To install click the Add extension button. That's it.

The source code for the WIKI 2 extension is being checked by specialists of the Mozilla Foundation, Google, and Apple. You could also do it yourself at any point in time.

Kelly Slayton
Congratulations on this excellent venture… what a great idea!
Alexander Grigorievskiy
I use WIKI 2 every day and almost forgot how the original Wikipedia looks like.
Live Statistics
English Articles
Improved in 24 Hours
Added in 24 Hours
Show all languages
What we do. Every page goes through several hundred of perfecting techniques; in live mode. Quite the same Wikipedia. Just better.

A Journey to Arzrum

From Wikipedia, the free encyclopedia

A Journey to Arzrum during the Campaign of 1829
A Journey to Arzrum.jpg
Author Alexander Pushkin
Original title Путешествие в Арзрум во время похода 1829 года
Translator The first translation of 'Journey to Arzrum' into English was by Birgitta Ingemanson in 1974
Country Russian Empire
Language Russian, with some French
Genre Travel literature
Publisher Sovremennik
Publication date
Media type Print

A Journey to Arzrum (Russian: «Путешествие в Арзрум»; full title: A Journey to Arzrum during the Campaign of 1829, «Путешествие в Арзрум во время похода 1829 года») is a work of travel literature by Alexander Pushkin. It was originally written by Pushkin in 1829, partially published in 1830, reworked in 1835, and then fully published in Pushkin's journal Sovremennik in 1836.[1]

The work recounts the poet's travels to the Caucasus, Armenia, and Arzrum (modern Erzurum) in eastern Turkey at the time of the Russo-Turkish War (1828–29). The Tsarist authorities never allowed Pushkin to travel abroad and he had only been permitted to travel as far as Tiflis (Tbilisi), capital of Georgia and Russian Transcaucasia. His unauthorized journey across the border into Turkey infuriated Tsar Nicholas I who "threatened to confine Pushkin to his estate once again."[2]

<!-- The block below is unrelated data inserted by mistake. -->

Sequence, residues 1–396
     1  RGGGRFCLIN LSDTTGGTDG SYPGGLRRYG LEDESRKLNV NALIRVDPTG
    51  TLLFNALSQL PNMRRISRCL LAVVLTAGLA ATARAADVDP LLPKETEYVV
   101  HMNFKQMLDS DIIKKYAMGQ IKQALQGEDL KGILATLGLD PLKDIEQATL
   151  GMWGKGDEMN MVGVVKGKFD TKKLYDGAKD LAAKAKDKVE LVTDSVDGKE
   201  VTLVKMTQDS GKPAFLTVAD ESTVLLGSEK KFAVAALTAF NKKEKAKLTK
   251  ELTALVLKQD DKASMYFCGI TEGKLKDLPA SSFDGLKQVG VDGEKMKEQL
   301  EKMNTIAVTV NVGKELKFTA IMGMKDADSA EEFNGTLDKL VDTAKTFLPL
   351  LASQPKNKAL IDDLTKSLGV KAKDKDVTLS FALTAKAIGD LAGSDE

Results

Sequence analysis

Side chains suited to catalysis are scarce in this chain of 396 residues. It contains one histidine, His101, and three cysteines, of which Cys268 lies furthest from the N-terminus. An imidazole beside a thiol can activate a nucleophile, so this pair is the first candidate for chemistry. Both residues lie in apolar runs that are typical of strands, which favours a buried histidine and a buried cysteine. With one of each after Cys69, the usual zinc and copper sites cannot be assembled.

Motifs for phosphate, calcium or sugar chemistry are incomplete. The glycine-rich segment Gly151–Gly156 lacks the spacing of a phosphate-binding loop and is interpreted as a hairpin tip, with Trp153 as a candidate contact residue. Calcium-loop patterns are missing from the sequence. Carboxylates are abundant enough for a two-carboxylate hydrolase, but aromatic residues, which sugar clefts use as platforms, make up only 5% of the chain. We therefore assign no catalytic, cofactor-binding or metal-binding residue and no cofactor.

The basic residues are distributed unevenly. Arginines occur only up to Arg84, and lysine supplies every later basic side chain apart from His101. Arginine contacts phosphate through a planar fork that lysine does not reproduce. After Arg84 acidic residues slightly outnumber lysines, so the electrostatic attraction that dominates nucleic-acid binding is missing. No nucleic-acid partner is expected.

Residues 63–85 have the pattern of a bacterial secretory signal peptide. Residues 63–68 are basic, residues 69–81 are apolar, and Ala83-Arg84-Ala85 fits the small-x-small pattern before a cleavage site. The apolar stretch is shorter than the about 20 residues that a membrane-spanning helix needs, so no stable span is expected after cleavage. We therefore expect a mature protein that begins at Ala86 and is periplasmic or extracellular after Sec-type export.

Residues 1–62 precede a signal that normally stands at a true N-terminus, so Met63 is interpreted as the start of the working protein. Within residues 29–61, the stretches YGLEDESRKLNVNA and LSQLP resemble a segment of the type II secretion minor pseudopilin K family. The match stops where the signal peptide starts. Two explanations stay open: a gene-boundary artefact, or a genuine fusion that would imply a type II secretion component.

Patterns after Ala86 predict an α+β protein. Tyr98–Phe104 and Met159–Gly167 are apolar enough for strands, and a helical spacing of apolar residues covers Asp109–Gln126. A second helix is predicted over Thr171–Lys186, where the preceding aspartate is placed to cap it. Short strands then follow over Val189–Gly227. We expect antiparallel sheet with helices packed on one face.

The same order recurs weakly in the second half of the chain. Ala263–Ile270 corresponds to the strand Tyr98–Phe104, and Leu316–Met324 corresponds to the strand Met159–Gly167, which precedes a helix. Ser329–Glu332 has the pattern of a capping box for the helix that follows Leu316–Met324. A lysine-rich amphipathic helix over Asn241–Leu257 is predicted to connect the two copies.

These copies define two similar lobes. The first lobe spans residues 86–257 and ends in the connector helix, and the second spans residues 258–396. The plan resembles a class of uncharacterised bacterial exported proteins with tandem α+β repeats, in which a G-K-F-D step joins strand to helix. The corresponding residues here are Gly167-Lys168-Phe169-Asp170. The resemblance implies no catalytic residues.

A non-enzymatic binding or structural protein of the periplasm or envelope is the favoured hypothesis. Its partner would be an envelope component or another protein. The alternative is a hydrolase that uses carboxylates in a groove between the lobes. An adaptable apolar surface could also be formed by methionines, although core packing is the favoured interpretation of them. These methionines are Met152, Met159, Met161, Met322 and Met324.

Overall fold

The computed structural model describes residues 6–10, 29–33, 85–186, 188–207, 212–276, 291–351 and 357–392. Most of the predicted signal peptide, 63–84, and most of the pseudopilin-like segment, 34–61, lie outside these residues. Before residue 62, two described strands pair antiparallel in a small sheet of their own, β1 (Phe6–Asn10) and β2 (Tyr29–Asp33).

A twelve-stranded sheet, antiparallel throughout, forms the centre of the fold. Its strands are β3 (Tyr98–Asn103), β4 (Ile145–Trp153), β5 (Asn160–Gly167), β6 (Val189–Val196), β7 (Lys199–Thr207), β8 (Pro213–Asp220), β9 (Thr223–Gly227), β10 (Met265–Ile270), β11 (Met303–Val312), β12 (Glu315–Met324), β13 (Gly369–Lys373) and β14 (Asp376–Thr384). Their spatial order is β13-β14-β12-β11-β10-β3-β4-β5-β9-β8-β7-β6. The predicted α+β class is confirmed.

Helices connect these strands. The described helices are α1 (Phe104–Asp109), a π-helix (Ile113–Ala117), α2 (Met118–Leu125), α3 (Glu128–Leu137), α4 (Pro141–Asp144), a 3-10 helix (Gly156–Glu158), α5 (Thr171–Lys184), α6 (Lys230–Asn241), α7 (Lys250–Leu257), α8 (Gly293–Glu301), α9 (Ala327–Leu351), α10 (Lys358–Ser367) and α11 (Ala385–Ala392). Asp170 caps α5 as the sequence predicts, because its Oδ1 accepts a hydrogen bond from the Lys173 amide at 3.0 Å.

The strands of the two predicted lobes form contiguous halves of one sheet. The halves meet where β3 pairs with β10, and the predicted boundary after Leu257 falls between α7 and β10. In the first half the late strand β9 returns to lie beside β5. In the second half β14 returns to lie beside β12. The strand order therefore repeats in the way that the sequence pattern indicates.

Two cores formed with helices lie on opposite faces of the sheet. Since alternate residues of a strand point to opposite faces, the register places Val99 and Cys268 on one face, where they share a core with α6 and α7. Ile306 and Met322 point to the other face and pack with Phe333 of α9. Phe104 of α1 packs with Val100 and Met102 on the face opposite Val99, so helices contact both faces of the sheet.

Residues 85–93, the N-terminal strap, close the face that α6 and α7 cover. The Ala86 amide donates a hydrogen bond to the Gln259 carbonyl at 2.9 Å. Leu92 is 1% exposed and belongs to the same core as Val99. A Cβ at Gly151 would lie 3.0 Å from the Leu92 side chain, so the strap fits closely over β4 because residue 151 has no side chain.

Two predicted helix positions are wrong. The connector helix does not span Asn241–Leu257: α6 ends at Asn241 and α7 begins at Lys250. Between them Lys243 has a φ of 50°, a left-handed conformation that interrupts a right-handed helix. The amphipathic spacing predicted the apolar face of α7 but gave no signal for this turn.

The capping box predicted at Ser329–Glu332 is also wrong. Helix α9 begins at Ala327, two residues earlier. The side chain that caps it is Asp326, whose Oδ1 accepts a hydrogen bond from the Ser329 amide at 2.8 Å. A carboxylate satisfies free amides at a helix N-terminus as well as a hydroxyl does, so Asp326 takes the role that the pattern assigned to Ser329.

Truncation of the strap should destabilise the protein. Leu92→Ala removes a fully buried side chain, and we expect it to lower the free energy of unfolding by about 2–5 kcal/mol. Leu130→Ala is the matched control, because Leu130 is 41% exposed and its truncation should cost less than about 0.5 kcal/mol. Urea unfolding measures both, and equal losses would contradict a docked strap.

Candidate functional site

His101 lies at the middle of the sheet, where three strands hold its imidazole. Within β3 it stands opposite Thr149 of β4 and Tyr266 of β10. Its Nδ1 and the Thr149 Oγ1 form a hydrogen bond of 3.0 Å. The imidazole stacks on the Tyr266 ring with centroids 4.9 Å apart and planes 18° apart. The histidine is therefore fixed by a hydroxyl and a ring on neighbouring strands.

Pushkin's text challenged, though did not entirely reject, the Orientalist romanticism of his earlier Prisoner of the Caucasus.[3] As a result, it was not popularly received by contemporary readers who expected a romantic epic poem about the Caucasus.[4]

A Journey to Arzrum was later adapted into a film during the Soviet era. Produced by Lenfilm and released on the 100th anniversary of Pushkin's passing in 1937, it was directed by Moisei Levin and starred Dmitri Zhuravlyov as Pushkin.[5]

English translations


  1. ^ Greenleaf, Monika Frenkel (Winter 1991). "Pushkin's 'Journey to Arzrum': The Poet at the Border". Slavic Review. 50 (4): 940–945. 
  2. ^ Lermontov, Mikhail (2013). A Hero of Our Time. Translated by Nicholas Pasternak Slater. Oxford: Oxford University Press. p. 192. ISBN 978-0199652686. 
  3. ^ Layton, Susan (1995). Russian Literature and Empire: Conquest of the Caucasus from Pushkin to Tolstoy. Cambridge: Cambridge University Press. p. 62-66. ISBN 978-0521444439. 
  4. ^ Langleben, Maria (2004). "A Journey to Arzrum: The Structure and the Message". In Reid, Robert; Andrew, Joe. Two Hundred Years of Pushkin, Vol. 3: Pushkin's Legacy. Amsterdam and New York: Rodopi. p. 89. ISBN 978-9042009585. 
  5. ^ Puteshestvie v Arzrum at the Internet Movie Database.

See also

External links

This page was last edited on 1 July 2018, at 16:04
Basis of this page is in Wikipedia. Text is available under the CC BY-SA 3.0 Unported License. Non-text media are available under their specified licenses. Wikipedia® is a registered trademark of the Wikimedia Foundation, Inc. WIKI 2 is an independent company and has no affiliation with Wikimedia Foundation.